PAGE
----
TWAIL

Patent Law-Making in Context and the Value of Socio-Legal Approaches to Studying Intellectual Property in Global South Countries

By highlighting the governance practices that enabled India and Brazil to circumvent and minimize the oppressive TRIPS regime, Vanni offers a critical perspective with key implications for scholarly work on the politics of intellectual property in marginalized contexts. Her emphasis on local approaches to law-making is certainly instructive for the interdisciplinary literature on intellectual property that tends to focus on foreign appropriation of traditional knowledge and illegal efforts such as piracy and counterfeit production to subvert the international regime.

Review of Chapter 5 on India: From Little Acorns to Mighty Oaks

This chapter, like much of the book, is exceptionally well researched, and brings seemingly unconnected developments neatly within the overarching narrative mentioned above. The author’s focus on how international law affects the ‘mundane’ everyday life, and vice versa, allows (or perhaps requires) her to examine much more than just the oft over-discussed ‘hot topics’ (i.e., compulsory licenses and patentability criteria) of the Indian pharma-patent landscape.

'Brazil: The Juridical State' - Review of Amaka Vanni's Patent Games in the Global South

A central point highlighted in Vanni's analysis comes in the title of the chapter itself, “the Juridical State”. Brazil's social and political conflicts are for the most part moderated, and often even defined, by the role of courts. Hence, this centrality of the Judiciary in legal-political disputes is an unavoidable aspect of the analysis (and particularly as this was perhaps not always the case in the country's history). In IP and health policy, the influence of the Judiciary is crucial, where certain courts may take decisions on the validity of pharmaceutical patents - directly affecting conditions of competition and access to medicines - and superior courts may decide upon the constitutionality of aspects of laws and regulations that may either legitimize or fully impede the implementation of public health policies in IP matters.

Patent Games in the Global South: Pharmaceutical Patent Law-Making in Brazil, India and Nigeria (Oxford: Hart, 2020) ISBN, HB: 9781509927395, 240 pp.

In light of the current global health crisis caused by COVID-19 pandemic and the attendant discussions on the importance of pharmaceutical patents to our daily existence, the analyses in this book (and the symposium) performs an important function in documenting the role of different sets of actors and their influences on the domestic implementation of global patent rules, access to medicines, and how these (in)actions led us to where we are today.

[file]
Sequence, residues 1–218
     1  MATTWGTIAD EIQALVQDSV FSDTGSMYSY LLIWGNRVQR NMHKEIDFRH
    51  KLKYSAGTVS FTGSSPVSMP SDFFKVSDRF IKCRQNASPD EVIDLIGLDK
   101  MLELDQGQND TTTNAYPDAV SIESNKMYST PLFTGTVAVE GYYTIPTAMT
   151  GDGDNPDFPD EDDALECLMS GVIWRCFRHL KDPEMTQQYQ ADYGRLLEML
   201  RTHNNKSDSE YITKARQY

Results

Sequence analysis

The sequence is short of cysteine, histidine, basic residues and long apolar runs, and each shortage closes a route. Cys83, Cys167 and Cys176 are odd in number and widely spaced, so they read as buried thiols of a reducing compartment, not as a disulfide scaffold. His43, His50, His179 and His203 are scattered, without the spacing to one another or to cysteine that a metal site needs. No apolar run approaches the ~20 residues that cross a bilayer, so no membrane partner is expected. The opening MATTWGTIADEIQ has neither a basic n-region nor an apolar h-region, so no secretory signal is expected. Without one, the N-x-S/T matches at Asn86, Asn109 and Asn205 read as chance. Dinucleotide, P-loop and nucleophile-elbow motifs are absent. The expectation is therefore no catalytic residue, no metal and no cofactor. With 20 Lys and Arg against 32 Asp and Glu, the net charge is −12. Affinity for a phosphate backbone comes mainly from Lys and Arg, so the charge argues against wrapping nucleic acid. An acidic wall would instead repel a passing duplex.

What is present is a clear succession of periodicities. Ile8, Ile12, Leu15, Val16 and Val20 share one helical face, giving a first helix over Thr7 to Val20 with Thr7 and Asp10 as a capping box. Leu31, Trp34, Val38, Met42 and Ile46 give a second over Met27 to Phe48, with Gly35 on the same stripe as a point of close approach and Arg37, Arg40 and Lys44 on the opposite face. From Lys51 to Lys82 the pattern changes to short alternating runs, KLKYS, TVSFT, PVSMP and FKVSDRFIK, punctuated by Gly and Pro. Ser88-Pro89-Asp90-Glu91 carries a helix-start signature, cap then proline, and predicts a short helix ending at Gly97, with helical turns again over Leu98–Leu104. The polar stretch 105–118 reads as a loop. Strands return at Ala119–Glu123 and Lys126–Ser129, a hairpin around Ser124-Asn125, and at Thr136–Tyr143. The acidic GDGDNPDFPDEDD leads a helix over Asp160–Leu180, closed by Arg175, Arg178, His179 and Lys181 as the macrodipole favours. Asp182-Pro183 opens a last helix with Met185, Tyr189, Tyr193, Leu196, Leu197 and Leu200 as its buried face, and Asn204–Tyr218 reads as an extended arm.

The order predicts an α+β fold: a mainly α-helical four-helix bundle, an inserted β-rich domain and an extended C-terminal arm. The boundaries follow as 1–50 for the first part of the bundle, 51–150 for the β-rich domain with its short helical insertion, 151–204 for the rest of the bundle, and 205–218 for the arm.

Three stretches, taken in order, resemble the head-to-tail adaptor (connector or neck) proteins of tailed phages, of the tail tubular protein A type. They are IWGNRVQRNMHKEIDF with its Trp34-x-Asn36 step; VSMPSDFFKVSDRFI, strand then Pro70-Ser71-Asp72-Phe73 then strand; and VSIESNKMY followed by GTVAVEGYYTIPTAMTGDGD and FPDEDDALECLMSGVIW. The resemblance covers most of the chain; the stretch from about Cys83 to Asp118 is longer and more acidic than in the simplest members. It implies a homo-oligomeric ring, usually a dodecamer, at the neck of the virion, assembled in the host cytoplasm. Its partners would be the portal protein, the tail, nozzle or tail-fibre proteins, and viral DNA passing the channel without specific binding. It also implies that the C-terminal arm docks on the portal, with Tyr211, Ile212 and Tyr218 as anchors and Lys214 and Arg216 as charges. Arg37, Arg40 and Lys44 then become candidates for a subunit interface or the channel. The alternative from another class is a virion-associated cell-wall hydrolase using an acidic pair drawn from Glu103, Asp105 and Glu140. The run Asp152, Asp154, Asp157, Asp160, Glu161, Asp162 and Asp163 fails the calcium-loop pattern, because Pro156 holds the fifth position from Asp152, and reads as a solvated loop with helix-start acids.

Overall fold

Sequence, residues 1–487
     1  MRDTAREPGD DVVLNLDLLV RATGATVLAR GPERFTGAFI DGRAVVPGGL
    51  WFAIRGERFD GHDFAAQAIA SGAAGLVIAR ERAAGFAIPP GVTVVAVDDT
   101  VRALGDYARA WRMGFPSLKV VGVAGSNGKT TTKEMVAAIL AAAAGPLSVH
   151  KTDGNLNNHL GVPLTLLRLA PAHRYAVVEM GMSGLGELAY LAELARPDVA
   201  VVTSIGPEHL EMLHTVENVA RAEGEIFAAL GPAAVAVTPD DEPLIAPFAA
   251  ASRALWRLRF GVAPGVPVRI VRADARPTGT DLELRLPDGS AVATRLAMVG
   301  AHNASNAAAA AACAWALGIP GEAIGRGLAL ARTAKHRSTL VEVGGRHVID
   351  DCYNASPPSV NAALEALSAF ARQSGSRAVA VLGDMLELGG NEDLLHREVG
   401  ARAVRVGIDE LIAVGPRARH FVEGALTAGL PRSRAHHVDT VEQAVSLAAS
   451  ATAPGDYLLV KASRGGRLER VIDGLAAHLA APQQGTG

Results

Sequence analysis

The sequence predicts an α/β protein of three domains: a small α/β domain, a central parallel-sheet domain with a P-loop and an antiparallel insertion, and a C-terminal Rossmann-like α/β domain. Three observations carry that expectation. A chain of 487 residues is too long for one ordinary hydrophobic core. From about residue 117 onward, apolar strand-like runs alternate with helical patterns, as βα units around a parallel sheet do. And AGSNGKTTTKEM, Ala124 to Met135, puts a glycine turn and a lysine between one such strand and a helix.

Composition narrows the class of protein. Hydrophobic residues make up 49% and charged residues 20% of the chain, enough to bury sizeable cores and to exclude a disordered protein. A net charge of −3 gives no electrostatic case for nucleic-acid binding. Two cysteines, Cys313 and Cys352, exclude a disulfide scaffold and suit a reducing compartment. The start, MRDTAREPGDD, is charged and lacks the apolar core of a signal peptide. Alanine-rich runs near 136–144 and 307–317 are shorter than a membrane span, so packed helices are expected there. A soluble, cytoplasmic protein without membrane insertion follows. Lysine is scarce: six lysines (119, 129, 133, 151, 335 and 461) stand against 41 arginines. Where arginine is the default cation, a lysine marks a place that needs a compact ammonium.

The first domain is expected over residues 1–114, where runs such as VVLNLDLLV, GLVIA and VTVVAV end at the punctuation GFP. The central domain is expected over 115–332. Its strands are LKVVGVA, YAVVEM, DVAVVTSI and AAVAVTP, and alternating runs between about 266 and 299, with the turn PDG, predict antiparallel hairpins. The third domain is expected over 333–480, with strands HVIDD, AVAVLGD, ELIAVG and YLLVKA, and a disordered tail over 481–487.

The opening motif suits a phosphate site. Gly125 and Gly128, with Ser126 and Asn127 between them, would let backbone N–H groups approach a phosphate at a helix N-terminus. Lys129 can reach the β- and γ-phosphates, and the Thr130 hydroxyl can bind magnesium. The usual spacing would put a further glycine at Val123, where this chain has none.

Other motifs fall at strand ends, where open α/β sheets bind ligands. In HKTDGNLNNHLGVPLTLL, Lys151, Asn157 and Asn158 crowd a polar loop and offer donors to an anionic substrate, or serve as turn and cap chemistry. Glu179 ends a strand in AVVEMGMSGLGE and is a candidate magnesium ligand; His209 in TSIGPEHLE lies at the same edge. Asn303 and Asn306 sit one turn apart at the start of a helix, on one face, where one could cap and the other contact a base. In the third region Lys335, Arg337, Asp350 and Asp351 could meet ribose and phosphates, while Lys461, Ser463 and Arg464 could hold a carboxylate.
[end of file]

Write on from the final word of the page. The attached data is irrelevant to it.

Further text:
World Environment Day 2020: A Brief Reflection on International Economic and International Environmental Law From A TWAIL/Global South Perspective

Finally, we have seen a surge in climate activism, especially from children and young adults, especially after Greta Thunberg launched the Fridays for Future (FFF) Movement in August 2018. FFF is a global movement that seeks to ‘put moral pressure on policymakers, to make them listen to the scientists, and then to take forceful action to limit global warming.’

Primary Human Rights Responsibility in Africa’s Extractive Industries

This short piece argues that while these arguments may hold sway, host African states continue to have primary responsibility and should rise to their obligation to protect human rights of impacted communities against the harmful effects of TNCs’ activities. Moreover, the controversies surrounding the extraterritorial jurisdiction of states and the silence of international law regarding enforceable obligation on TNCs demonstrate the difficulty in embracing the newer approaches regarding the roles of home states and TNCs.

Introduction: Symposium on Teaching International Economic Law in Africa

Afronomicslaw.org invited submissions on the teaching of international economic law, (IEL), in Africa to reflect on a number of questions. We asked the contributors to reflect on these questions: What materials did you use to teach? What teaching style did you adopt? Did you center Africa or make the materials relevant to an African context in the materials you used and if so how? For example, did you use of African case studies; or use African-specific materials (e.g. books, articles, cases, treaties)? Was the class required? How many enrolled in the class? How did you determine grades in the class? Did class participation count towards the grade? Did you have prior background in the area when you first taught the course e.g. in your graduate school education, in your research and scholarship, in practice? How would you say the students received the course? Did they find it interesting, relevant, or indifferent?